United States District Court, N.D. Oklahoma
ROBIN D. JONES, Plaintiff,
MEGAN J. BRENNAN, Postmaster General, Defendant.
OPINION AND ORDER
V. EAGAN UNITED STATE DISTRICT JUDGE.
before the Court is plaintiff's Motion to Amend (Dkt. #
40). Plaintiff asks the Court for leave to file a second
amended complaint in light of allegedly new information
discovered during the deposition of defendant's 30(b)(6)
representative. Defendant asks the Court to deny
plaintiff's motion, arguing that the time for amendment
is long passed, that defendant would be prejudiced by
amendment, and that plaintiff has failed to provide a proper
reason for her delay. Dkt. # 42.
case arises out of defendant's alleged failure to
accommodate plaintiff's high-risk pregnancy and alleged
retaliation against plaintiff for requesting an accommodation
for her high-risk pregnancy. Specifically, plaintiff alleges
that, after plaintiff's doctor advised that she could not
stand for more than four hours a day, defendant failed to
accommodate plaintiff and instead “walked plaintiff off
the clock” after four hours of work and docked her sick
days for the four remaining hours of her shift. See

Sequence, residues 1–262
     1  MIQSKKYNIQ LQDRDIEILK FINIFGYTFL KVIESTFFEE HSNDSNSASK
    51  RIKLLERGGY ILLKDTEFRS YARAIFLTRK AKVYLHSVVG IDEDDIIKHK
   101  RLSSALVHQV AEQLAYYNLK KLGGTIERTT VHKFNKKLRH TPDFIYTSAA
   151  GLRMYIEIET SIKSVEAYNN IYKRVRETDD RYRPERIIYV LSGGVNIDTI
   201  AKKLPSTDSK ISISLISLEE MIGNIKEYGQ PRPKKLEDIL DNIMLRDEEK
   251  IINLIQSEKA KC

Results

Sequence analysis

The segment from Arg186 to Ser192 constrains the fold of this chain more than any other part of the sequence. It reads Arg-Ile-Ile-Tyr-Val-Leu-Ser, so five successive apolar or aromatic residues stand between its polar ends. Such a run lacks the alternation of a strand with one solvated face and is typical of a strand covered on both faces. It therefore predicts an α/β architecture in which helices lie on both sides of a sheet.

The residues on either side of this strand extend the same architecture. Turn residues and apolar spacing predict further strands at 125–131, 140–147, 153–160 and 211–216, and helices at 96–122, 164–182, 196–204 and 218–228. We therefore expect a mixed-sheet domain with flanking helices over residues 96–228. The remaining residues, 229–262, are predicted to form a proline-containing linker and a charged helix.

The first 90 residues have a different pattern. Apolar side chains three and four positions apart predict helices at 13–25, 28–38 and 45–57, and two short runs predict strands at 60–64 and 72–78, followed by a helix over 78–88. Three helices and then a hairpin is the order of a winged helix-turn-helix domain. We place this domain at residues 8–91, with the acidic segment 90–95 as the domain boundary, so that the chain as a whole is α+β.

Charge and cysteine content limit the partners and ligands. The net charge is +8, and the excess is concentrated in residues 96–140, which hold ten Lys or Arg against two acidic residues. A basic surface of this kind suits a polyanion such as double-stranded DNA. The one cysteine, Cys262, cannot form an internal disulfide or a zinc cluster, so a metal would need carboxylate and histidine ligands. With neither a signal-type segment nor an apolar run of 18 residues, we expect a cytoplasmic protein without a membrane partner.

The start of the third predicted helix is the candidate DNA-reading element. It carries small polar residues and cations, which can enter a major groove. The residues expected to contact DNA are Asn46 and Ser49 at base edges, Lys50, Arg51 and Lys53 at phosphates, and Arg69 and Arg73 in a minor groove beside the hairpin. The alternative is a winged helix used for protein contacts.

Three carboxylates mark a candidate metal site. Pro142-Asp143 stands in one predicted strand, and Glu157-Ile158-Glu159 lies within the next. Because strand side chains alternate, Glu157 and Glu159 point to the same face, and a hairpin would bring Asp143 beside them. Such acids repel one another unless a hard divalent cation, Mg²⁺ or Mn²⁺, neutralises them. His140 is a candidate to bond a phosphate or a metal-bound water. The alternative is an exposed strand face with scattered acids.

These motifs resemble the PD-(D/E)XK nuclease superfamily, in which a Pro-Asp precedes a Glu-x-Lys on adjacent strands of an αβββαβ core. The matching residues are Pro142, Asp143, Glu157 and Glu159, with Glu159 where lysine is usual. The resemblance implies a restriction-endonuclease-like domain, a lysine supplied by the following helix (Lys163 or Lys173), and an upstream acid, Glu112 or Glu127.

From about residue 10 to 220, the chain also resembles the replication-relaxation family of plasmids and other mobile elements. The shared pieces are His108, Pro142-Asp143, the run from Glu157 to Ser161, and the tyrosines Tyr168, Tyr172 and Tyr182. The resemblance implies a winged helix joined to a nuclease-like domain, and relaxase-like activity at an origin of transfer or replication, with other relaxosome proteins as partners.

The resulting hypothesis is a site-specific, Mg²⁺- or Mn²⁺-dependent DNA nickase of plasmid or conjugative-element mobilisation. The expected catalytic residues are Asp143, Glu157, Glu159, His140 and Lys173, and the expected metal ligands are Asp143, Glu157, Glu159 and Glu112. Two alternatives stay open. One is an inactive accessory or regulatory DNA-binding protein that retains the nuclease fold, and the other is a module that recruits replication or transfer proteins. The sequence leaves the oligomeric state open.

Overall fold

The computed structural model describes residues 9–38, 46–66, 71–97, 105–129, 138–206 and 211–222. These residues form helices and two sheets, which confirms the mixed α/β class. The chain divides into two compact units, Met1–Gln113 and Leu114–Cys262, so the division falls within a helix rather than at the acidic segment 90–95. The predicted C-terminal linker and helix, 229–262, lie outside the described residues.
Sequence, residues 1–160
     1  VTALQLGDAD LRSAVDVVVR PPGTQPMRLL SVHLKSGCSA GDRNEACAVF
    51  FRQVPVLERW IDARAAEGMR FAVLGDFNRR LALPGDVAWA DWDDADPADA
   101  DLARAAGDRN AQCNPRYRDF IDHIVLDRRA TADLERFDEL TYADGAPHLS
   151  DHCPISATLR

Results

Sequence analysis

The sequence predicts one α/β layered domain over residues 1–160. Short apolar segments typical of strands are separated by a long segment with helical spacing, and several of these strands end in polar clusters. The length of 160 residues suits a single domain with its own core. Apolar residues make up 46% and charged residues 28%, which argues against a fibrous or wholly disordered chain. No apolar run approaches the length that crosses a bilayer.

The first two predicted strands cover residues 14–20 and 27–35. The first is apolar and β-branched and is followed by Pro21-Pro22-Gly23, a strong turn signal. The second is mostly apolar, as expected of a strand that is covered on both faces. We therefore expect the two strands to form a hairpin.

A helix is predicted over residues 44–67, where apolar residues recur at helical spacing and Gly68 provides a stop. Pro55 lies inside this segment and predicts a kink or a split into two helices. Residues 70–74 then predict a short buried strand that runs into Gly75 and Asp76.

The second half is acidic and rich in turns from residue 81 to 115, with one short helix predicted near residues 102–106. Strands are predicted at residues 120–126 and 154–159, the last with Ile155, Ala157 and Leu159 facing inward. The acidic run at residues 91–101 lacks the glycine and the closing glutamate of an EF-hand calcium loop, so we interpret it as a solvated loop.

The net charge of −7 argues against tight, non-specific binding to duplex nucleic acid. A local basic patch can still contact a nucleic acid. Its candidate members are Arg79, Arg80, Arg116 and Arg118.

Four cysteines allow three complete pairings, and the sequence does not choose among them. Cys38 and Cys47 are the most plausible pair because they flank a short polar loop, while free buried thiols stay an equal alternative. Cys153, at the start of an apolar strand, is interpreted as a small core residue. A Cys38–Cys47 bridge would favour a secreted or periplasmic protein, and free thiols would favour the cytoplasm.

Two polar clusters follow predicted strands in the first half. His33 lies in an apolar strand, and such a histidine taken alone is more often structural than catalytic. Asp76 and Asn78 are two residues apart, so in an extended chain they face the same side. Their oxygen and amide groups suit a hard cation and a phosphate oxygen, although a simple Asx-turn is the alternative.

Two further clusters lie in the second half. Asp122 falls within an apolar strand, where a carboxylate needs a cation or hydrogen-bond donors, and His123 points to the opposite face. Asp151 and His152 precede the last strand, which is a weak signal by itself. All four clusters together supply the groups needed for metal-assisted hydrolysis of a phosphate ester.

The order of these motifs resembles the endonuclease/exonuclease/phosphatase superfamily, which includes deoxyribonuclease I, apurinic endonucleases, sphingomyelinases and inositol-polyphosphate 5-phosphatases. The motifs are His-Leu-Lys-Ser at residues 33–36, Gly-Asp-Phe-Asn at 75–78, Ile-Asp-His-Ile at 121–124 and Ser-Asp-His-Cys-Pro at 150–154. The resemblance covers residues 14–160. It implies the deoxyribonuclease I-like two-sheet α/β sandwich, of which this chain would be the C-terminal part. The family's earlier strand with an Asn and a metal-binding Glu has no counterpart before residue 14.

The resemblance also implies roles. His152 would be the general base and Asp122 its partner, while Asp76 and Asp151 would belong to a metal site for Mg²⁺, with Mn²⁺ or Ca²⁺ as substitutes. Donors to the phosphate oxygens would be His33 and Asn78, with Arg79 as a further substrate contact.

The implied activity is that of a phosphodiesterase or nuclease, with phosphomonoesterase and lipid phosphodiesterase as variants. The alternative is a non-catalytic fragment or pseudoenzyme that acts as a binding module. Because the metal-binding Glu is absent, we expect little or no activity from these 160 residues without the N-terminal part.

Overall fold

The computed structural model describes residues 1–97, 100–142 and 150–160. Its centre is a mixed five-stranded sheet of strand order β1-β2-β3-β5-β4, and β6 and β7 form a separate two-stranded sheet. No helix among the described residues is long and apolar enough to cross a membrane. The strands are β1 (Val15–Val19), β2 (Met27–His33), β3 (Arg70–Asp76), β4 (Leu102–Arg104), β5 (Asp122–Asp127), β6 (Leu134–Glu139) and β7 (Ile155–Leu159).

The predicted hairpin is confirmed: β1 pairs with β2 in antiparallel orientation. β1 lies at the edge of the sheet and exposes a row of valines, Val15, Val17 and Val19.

Dkt. # 17, at 5-10.
filed this case on January 28, 2016, alleging discrimination
and retaliation on the basis of race and gender in violation
of Title VII of the Civil Rights Act of 1964, 42 U.S.C.
§ 2000e et seq. (Title VII), and failure to
accommodate and retaliation in violation of the
Rehabilitation Act, 29 U.S.C. § 701 et seq.
Dkt. # 1. The Court granted in part defendant's first
motion to dismiss (Dkt. # 9), dismissing plaintiff's
Title VII race discrimination and Rehabilitation Act claims.
On September 14, 2016, plaintiff filed an amended complaint
(Dkt. # 17) alleging discrimination and retaliation on the
basis of gender under Title VII and retaliation under the
Rehabilitation Act. Defendant filed a second motion to
dismiss (Dkt. # 19), asking the Court to dismiss
plaintiff's Rehabilitation Act claim, which the Court
denied on December 6, 2016. Dkt. # 30. The deadline for
motions for joinder of additional parties and/or amendment to
the complaint was July 15, 2016. Dkt. # 13. This case has
been pending over 15 months, and the parties are proceeding
under a second amended scheduling order (Dkt. # 36). The
discovery cutoff is June 29, 2017.
now moves for leave to file a second amended complaint,
adding an allegation that defendant “engaged in a